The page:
In the opening Rêveries – Passions, as one becomes accustomed to the sound of the instrument there seem to be clear intention on the part of the two players to vary the colour, but the arrangement actually seems rather un-pianistic to my ears (Berlioz did not ‘think’ in such terms in any case – frankly the work is so odd it’s hardly surprising that Liszt’s transcription is gawky and awkward in places as well). The episodic nature of the original doesn’t help, but in this account this movement strikes me as particularly fragmented, with so much focus on individual trees that one isn’t really aware of actually being in a wood. There are certainly beguiling passages – for instance the timbres of the odd music (it almost seems to pre-figure Sibelius) just prior to the movement’s conclusion (from 11:20) are mysterious and spooky, but the final chords just seem generalised and woolly.
Un bal is better, more poised in the waltz and lighter on its feet in its overall shape although listeners hoping to ‘hear’ the harp textures that dominate the original will be disappointed; in this regard, in terms of the improved timbral differentiation Heisser sought in this arrangement it really doesn’t happen here – though one cannot be sure whether this is down to the transcription or the instrument. Or both. However in the central slow movement Scene aux champs Berlioz’s conception of the shepherds’ dialogue via oboe and cor anglais is nicely characterised and discreetly shaded, in a ‘less is more’ kind of way. Elsewhere in the movement however I found the Pleyel’s sound dull and rather raw; from 7:40 it evoked the sound of a silent film accompaniment. The distant thunder at the movement’s conclusion emerges fitfully.
There’s plenty of detail in the Marche au supplice but over-familiarity with Berlioz’s original left this listener feeling a little bit empty after hearing this account. Again, to my ears at least, the individual events in Heisser’s transcription don’t really cohere into a clear narrative, though one detail that is magically brought out in this panel is the ‘last thought of the beloved’ in the form of the bare reference to the idée fixe just before the guillotine falls, although the execution of the execution itself, as it were, sounds just too ‘Charlie Chaplin’, alas. (Or perhaps even Charles Hawtrey, as Le Duc de Pommfrit in ‘Carry On Don’t Lose Your Head’; the guillotine scene in that French Revolution themed romp rather uncharitably chose that moment to come to mind, at the point where Hawtrey’s head is on the block, while a messenger rushes through the baying throng to ascend the platform crying “…urgent letter for the Duc de Pommfritt!!”, to which Hawtrey calmly replies “Put it in the bucket; I’ll read it later”).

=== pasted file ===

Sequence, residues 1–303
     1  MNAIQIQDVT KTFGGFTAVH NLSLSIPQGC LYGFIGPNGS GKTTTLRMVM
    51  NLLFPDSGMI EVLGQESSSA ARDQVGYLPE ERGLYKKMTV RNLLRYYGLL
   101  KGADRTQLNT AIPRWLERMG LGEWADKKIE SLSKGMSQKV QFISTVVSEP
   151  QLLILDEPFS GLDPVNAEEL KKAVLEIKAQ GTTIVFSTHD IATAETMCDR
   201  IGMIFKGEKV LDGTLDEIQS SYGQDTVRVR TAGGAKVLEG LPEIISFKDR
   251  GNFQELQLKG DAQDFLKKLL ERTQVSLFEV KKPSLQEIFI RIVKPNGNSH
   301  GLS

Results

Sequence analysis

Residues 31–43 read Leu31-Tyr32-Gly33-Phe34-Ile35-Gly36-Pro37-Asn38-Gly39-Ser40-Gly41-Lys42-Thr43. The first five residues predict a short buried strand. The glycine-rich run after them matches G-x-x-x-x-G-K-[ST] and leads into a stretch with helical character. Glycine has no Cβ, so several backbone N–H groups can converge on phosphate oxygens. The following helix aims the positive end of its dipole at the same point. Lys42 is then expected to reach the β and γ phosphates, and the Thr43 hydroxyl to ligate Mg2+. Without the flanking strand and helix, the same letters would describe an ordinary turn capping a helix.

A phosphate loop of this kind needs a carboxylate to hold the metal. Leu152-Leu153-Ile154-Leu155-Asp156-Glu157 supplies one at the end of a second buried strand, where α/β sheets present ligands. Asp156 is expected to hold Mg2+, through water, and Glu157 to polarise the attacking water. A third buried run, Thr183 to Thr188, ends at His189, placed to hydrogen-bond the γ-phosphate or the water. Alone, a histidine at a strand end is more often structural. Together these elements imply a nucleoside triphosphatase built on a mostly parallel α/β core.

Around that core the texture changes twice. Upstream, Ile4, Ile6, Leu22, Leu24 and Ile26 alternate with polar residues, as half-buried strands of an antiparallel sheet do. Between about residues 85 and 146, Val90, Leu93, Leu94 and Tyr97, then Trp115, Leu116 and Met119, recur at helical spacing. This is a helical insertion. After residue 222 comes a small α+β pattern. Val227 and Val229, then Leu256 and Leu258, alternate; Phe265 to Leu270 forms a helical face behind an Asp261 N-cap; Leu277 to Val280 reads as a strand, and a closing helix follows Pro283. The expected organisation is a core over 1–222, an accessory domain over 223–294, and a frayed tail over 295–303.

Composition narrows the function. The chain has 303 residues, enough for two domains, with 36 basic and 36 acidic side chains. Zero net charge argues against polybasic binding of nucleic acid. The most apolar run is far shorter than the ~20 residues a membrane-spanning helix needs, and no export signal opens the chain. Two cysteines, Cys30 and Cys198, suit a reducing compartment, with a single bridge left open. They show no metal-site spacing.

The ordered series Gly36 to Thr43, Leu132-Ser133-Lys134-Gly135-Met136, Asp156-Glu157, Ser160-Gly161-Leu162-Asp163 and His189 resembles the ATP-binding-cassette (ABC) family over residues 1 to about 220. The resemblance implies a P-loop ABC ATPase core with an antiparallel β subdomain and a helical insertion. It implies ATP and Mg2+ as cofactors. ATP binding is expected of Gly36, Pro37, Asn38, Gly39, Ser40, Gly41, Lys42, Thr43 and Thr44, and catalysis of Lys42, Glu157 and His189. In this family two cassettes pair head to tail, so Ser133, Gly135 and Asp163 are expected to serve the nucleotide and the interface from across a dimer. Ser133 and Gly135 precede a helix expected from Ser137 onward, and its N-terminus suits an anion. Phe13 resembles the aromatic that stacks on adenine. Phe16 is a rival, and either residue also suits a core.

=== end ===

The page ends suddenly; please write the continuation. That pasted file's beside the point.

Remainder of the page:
For me the grotesquerie of the final Songe d'une nuit du sabbat is by far the most successful element of Heisser’s arrangement, and ironically perhaps the most Lisztian too. But the legendary funeral bell sounds are a bit of a damp squib. The Dies Irae emerges impressively enough, but my final thoughts merely confirmed my suspicion of the instrument; it underwhelms. It sounds tinny in its highest register and clanky and distorted in fortissimi, Notwithstanding Heisser and Jude’s earnest attempts at taming the beast, the Pleyel itself seems reluctant to play along. Despite this Heisser’s arrangement of the finale has been fashioned skilfully and projects no little diabolerie.
A mixed bag, then; a brave performance and arrangement that draws qualified admiration rather than unconditional love on an unyielding instrument. Although I admit my response to Berlioz’s original was always rather muted, at least until I heard Gardiner’s recording with the ORR for Philips in the early 1990s. Moreover, the recorded sound seems somewhat uneven (certainly not as impressive as the Rousset disc from the same location); I suspect the engineers really struggled to produce a consistently pleasing sound. Those of a curious disposition will want to hear this, but it’s not really fair to compare Heisser’s bold enterprise to Liszt’s. Both the arranger and his partner give it their best shot – there is no lack of integrity or imagination here, but I suspect many will find the exotic promise of the instrument is not matched by the reality of its sound.